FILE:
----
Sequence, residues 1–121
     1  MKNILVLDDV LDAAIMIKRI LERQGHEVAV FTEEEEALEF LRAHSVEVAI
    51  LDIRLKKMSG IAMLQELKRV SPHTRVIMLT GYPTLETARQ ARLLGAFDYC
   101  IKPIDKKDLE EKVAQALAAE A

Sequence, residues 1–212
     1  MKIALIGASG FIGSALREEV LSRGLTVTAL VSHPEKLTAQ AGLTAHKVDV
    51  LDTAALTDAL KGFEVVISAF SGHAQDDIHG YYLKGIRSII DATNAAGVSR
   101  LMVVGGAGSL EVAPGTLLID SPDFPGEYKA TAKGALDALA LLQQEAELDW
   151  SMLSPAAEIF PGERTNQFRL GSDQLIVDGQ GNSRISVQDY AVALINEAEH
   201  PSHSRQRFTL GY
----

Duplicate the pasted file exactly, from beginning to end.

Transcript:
Sequence, residues 1–121
     1  MKNILVLDDV LDAAIMIKRI LERQGHEVAV FTEEEEALEF LRAHSVEVAI
    51  LDIRLKKMSG IAMLQELKRV SPHTRVIMLT GYPTLETARQ ARLLGAFDYC
   101  IKPIDKKDLE EKVAQALAAE A

Sequence, residues 1–212
     1  MKIALIGASG FIGSALREEV LSRGLTVTAL VSHPEKLTAQ AGLTAHKVDV
    51  LDTAALTDAL KGFEVVISAF SGHAQDDIHG YYLKGIRSII DATNAAGVSR
   101  LMVVGGAGSL EVAPGTLLID SPDFPGEYKA TAKGALDALA LLQQEAELDW
   151  SMLSPAAEIF PGERTNQFRL GSDQLIVDGQ GNSRISVQDY AVALINEAEH
   201  PSHSRQRFTL GY